‘Doomsday Clock’ Asks If Heroes Should Pass On Their Names In This Week’s Best Comics

Senior Contributor

DC Comics

Geoff Johns and Gary Frank’s Doomsday Clock, the ambitious attempt to create a crossover between the world of Watchmen and an ever-so-slightly off-kilter DC Universe, answers a big question in its fourth issue: Just who the hell is this new Rohrschach, anyway? And it’s a fascinating issue, in part because it addresses a loose thread the original series never quite tied off: Just who the hell is Mothman, anyway?

In the original story, Byron Lewis is basically little more than a tragic pun: The bug man winds up in the bughouse. But he’s central to the origin of the new Rohrschach, whose identity we won’t ruin here since it’s such a good reveal, in part because he’s not “buggy.” He’s broken, in some very fundamental ways, and the careful thread woven through this story — which, bar the setting, is a classic Golden Age superhero origin — is that Lewis trains up a new superhero, teaches him how to fight, teaches him how to be a superhero, but crucially can’t teach him how to be anything other than a man who wears the mask. Perhaps nobody can fix the young man he trains, but Lewis arguably makes things a lot worse even as he’s trying to help.

Johns and Frank are interrogating the idea of kid sidekicks and what “passing on the mantle” means in a universe full of people who lack the necessary fortitude to wear a mask without it, as Moore so eloquently put it, eating their brains. This happens all the time in the DCU, but this story wonders what that means, and what it might do to an already fragile psyche. In the end, both Lewis and his protege are tragic figures, but only one of them is likely to find a measure of peace.

Image Comics

The Beef #2, Image Comics

Tyler Shainline and Shaky Kane’s mix of Marvel Silver Age superheroic pathos and political activism offers up a hilarious mix in this second issue, where the Beef learns his powers are driven by, well, beef, and also that he’s naive about far more than just what he’s stuffing in his face. It’s undeniably, and often deliberately, cheesy, but Shainline and Kane nail the tone and style of ’60s comics so well, you’d think you were reading underground comix by Kirby and Lee if you didn’t know better.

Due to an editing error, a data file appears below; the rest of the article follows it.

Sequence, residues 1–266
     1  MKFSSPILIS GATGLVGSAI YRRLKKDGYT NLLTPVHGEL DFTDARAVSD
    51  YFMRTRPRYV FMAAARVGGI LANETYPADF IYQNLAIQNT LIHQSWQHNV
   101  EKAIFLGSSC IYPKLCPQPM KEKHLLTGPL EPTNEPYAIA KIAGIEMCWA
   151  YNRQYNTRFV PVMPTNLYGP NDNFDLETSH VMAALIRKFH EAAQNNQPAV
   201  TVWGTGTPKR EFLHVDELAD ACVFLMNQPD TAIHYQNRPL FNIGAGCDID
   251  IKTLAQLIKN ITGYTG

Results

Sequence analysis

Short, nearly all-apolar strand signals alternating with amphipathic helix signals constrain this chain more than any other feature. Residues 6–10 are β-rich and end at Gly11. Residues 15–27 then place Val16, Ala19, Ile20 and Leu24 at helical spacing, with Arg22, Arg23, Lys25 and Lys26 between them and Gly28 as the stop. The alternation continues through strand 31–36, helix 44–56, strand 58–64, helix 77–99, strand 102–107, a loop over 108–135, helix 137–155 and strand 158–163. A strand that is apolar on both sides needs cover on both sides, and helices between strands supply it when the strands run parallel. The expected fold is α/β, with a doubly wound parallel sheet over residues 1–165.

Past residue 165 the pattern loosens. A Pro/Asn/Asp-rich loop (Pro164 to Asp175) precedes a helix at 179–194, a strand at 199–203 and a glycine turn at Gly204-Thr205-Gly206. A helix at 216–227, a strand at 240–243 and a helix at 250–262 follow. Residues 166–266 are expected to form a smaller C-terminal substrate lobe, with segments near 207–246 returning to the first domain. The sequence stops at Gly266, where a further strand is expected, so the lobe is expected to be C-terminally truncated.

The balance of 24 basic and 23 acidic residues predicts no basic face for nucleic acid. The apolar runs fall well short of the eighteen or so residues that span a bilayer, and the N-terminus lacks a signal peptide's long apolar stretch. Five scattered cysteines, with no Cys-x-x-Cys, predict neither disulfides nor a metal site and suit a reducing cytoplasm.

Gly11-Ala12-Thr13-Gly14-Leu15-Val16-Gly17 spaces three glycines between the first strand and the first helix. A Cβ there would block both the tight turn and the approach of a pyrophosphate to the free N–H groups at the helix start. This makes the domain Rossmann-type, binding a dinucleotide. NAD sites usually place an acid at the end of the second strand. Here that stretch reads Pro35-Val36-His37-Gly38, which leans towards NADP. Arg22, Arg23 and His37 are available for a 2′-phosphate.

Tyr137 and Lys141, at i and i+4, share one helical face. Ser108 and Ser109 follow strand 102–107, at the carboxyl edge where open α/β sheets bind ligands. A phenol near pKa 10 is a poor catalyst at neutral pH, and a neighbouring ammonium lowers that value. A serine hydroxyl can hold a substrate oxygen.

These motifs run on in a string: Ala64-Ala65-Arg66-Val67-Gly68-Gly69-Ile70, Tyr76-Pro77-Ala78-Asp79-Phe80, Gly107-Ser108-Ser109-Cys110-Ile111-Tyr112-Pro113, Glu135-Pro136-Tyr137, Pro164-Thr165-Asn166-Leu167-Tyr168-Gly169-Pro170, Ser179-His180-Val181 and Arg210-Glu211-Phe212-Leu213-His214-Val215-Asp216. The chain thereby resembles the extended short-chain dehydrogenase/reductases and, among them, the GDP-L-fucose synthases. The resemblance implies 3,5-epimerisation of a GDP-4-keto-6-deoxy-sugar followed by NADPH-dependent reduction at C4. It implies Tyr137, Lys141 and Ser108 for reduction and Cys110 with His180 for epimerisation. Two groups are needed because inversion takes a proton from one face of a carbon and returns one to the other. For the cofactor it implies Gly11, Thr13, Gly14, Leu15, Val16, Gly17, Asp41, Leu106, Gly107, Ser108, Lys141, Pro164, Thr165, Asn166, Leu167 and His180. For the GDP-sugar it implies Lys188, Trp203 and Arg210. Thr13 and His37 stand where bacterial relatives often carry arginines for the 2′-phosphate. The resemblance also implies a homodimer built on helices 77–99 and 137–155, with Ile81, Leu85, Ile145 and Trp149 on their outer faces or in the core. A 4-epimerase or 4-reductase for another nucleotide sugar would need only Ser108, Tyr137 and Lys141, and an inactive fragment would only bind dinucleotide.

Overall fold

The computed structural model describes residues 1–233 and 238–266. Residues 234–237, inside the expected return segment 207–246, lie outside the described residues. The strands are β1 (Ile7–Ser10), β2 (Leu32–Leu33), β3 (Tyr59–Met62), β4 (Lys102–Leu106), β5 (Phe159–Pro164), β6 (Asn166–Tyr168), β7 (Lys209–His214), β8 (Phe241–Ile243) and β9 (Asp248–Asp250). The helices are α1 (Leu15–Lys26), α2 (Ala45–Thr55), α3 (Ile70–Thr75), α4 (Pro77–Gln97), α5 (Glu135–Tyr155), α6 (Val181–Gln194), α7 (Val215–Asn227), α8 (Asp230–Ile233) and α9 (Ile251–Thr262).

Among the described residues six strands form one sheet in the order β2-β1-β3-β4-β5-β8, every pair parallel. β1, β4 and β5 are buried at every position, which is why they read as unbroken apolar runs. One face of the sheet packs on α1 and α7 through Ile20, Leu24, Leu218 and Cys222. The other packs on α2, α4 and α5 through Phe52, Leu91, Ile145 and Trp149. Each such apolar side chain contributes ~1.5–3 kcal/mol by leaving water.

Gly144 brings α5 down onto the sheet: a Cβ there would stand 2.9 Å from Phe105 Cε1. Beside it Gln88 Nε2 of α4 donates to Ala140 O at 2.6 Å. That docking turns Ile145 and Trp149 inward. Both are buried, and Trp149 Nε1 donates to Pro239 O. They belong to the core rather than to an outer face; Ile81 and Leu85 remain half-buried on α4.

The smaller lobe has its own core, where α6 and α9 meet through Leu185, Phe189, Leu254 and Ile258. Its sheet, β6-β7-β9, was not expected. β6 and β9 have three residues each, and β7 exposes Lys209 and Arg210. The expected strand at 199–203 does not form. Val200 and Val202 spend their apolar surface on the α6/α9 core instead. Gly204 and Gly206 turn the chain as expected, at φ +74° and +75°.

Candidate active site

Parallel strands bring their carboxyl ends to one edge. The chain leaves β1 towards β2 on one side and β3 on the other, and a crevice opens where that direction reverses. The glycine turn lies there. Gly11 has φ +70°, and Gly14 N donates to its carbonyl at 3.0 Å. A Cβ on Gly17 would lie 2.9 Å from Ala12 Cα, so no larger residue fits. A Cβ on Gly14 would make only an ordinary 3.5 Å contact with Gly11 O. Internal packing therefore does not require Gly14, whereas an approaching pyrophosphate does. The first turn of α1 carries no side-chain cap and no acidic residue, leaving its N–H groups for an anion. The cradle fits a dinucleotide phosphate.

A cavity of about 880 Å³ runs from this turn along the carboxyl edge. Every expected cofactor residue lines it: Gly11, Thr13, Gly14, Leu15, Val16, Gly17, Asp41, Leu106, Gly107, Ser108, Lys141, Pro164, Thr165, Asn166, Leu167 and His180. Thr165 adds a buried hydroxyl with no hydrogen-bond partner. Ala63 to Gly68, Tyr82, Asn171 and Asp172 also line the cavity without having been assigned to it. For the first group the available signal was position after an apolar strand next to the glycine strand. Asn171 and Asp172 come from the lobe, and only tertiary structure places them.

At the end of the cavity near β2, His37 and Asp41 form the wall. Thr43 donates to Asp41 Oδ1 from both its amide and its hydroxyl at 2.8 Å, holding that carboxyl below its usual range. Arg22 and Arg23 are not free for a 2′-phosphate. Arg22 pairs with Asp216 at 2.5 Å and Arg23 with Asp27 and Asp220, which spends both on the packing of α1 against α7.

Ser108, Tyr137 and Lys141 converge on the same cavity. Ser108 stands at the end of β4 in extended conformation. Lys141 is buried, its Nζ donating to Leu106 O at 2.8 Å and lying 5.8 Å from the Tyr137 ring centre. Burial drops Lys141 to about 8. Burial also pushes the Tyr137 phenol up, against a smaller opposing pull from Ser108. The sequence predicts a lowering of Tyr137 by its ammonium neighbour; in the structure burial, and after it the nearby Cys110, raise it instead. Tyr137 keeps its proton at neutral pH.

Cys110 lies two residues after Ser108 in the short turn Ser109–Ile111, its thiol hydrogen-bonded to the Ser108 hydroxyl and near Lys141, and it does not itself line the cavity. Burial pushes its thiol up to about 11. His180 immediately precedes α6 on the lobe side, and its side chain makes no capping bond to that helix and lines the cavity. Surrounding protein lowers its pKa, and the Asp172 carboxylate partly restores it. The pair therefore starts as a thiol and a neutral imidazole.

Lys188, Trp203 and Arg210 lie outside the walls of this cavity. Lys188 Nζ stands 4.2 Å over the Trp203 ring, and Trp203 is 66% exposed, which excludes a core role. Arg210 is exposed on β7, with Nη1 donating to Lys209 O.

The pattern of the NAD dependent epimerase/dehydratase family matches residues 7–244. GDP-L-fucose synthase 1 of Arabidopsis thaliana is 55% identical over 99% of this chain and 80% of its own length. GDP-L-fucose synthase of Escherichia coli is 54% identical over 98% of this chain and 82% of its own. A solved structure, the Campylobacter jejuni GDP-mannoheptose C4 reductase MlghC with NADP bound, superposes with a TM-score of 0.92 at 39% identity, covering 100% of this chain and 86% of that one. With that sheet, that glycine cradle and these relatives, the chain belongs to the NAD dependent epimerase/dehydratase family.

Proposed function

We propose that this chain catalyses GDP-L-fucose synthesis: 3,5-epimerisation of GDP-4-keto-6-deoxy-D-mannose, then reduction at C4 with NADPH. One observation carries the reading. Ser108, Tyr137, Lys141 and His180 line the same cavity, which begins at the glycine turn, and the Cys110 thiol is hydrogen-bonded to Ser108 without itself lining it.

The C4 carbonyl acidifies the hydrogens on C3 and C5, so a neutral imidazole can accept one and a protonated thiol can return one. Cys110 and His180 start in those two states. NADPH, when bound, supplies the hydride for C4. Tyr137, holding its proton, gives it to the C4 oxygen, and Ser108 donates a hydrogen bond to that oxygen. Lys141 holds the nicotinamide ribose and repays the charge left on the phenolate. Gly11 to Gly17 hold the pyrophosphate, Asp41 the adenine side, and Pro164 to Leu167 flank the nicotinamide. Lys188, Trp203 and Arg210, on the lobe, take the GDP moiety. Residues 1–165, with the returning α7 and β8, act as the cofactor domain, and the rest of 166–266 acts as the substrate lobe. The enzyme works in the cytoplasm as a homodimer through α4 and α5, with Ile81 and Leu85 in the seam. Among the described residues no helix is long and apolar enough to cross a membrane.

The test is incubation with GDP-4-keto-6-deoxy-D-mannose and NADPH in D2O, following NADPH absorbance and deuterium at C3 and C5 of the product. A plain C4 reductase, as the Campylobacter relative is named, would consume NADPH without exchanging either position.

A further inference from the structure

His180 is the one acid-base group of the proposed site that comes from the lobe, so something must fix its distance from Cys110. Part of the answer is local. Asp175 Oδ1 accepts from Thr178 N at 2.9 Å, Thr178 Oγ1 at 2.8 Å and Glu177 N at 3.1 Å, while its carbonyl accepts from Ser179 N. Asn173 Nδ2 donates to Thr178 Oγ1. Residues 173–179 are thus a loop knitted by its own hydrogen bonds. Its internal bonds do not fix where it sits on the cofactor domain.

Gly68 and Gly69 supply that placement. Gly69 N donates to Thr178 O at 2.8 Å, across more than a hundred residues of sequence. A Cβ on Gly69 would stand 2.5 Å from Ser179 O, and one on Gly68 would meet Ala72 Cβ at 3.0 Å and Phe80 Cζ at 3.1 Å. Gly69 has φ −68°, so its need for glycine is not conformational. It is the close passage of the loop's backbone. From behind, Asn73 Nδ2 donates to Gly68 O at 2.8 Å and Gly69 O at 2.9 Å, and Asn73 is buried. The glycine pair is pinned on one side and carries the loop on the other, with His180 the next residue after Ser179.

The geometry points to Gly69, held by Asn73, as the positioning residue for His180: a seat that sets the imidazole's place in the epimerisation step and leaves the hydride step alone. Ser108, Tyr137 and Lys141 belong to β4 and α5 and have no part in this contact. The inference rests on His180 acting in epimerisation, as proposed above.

Bloodborne #2, Titan Comics

Ales Kot and Piotr Kowalski pull off the really hard job of nailing the tone of the video game they’re adapting, which is all gauzy mystery and refined grotesquerie, while pulling out a story they want to tell. It helps, to some degree, that Bloodborne is such a specific world in the first place, and yet the story is left so far open to interpretation, that there’s plenty of room for a good storyteller. But it does also help that Kot and Kowalski, the latter especially drawing lovingly rendered gross monsters while paying quite a bit of tribute to the Warren Comics house style, are clearly enjoying telling a Lovecraftian horror tale with its own sensibility.

Daredevil #600, Marvel

This issue pays off the “Mayor Fisk” plot arc, which Charles Soule and Ron Garney finish off in fine style and with an appropriate twist. But the real main event, at least for fans, is the backup feature written by Christos Gage, who explores, across the years, the friendship of Foggy Nelson and Matt Murdock. Considering how Matt’s treated Foggy over the years, it’s sometimes a sad read, but a good reminder of how even implausible superheroes can have very real friendships.

Abbott #3, BOOM! Studios

Saladin Ahmed and Sami Kivela show off both their horror chops and their love of classic detective stories as Abbott gets pulled off the case by her editor and sent to do a puff piece about a college professor. Which, of course, winds up tied directly to the case she isn’t supposed to be covering anymore. Kivela in particular shows off some clever, thrilling layout work, making this book a standout in a market fairly crowded with horror titles.

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